Kalgoorlie, home of the Super Pit, is the perfect location for the Australian Institute of Geoscientists (AIG) Gold14@Kalgoorlie Symposium with delegates from Africa, the Americas, Asia, Europe and the Pacific, bringing together notable geoscientists from academia and the gold industry this October.
“This conference is shaping up to be the most important gold geoscience conference in Australia since Bicentennial Gold88 in 1988” says Chairman and industry consultant Julian Vearncombe. The highlight is a 3-day conference of talks and posters on various aspects of gold deposits, provinces and exploration.
Keynote speaker Ed Eshuys, known for his involvement in the Plutonic, Bronzewing and Jundee gold discoveries in WA in the 1990s, opens the conference with an address on the importance of exploration to the economy of Australia.
Australia’s gold exploration story is one of great success. Neil Phillips, a consultant and Adjunct Professor with the University of Melbourne says, “Claims that gold exploration has not been successful are potentially dangerous and may lead to misallocation of exploration and research funding. The Government data shows that Australia is not only replacing the gold that it mines but systematically adding to the inventory.”
Since 1979, Australia has achieved what no other country has in this period, discovering 16,500 tonnes of gold at a cost of $40 per ounce. This low exploration cost is a measure of how Australia’s exploration industry has been unequivocally successful in discovering gold, especially when compared to today’s gold price of around US$1220.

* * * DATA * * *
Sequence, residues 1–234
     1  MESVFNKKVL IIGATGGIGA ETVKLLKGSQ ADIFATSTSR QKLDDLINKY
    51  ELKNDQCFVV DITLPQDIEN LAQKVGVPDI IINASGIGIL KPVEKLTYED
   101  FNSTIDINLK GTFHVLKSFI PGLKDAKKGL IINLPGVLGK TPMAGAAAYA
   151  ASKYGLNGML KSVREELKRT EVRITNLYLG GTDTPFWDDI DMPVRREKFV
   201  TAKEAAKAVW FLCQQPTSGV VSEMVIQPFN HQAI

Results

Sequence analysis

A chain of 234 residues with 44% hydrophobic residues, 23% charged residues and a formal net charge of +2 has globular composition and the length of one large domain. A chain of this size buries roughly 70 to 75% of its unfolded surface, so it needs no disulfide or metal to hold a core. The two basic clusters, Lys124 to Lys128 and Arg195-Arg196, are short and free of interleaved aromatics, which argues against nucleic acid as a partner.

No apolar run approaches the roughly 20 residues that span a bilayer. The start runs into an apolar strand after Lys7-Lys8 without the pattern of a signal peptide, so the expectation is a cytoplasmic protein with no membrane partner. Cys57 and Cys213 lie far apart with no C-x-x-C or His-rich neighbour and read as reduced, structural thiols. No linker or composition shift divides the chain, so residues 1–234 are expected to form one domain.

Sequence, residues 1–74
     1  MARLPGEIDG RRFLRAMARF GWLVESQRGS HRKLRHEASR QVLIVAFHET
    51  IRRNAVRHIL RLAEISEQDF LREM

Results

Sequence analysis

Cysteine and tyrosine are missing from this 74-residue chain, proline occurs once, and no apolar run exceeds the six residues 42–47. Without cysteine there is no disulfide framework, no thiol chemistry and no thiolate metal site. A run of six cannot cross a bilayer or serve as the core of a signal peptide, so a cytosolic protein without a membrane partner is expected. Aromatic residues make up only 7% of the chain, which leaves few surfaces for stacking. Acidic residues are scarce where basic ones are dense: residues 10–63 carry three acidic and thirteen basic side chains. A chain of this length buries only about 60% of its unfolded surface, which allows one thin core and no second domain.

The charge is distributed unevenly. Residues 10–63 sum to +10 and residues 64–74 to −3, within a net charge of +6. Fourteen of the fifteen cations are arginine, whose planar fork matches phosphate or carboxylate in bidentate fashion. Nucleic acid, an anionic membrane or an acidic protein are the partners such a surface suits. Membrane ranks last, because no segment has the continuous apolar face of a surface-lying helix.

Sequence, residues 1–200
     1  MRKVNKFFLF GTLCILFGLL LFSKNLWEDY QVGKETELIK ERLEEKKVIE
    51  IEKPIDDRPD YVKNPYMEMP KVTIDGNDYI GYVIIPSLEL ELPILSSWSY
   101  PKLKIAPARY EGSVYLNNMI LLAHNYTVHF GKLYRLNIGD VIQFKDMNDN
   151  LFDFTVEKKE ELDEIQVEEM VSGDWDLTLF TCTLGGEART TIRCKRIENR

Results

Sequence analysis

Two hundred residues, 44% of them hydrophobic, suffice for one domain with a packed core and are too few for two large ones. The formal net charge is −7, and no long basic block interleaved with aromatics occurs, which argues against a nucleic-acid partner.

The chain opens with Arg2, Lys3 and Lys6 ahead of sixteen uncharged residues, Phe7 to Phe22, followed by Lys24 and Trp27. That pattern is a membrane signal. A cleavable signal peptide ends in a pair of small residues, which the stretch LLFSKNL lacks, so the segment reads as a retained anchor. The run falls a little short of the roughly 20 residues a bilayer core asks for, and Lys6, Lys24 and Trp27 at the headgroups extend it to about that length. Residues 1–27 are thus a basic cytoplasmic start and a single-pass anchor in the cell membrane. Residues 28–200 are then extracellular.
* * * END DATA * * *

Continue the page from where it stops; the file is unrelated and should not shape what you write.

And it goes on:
Recent Australian gold discoveries include DeGrussa copper-gold deposit (WA), Tropicana deposit (WA), McPhillamys deposit (NSW) and Andy Well (WA). The symposium will also hear of recent successes at Pegasus, and Invincible near Kalgoorlie.
In the last ten years Australia has added 6,000 t of gold to its Economic Demonstrated Resource (EDR, Geoscience Australia, 2012). At the end of 2012, Australia's EDR of gold was about 9,909 t. This figure suggests that there are enough resources for the next 30 years of mining at the current production rate.
Gold is currently a primary output of about 75 mining and processing operations in Australia; and these mines produce about 250 tonnes of gold a year, almost 10% of world production, and second only to China.
The goal of Gold14@Kalgoorlie is to present the innovative geological practices and technological innovations that are contributing to the continued success of an industry that employs 25,000 personnel across Australia. Neil Phillips sums up “The exploration industry’s aim is discovering better quality gold ounces which are higher grade, easier to extract and better located”. Whether such ounces are in new areas (greenfields) or established areas (brownfields) is of secondary importance. Commonly being near to existing infrastructure can be a big advantage.
The Symposium, organised by the AIG, runs from 8-10 October 2014. For further information contact Julian Vearncombe in Perth: firstname.lastname@example.org 0437477220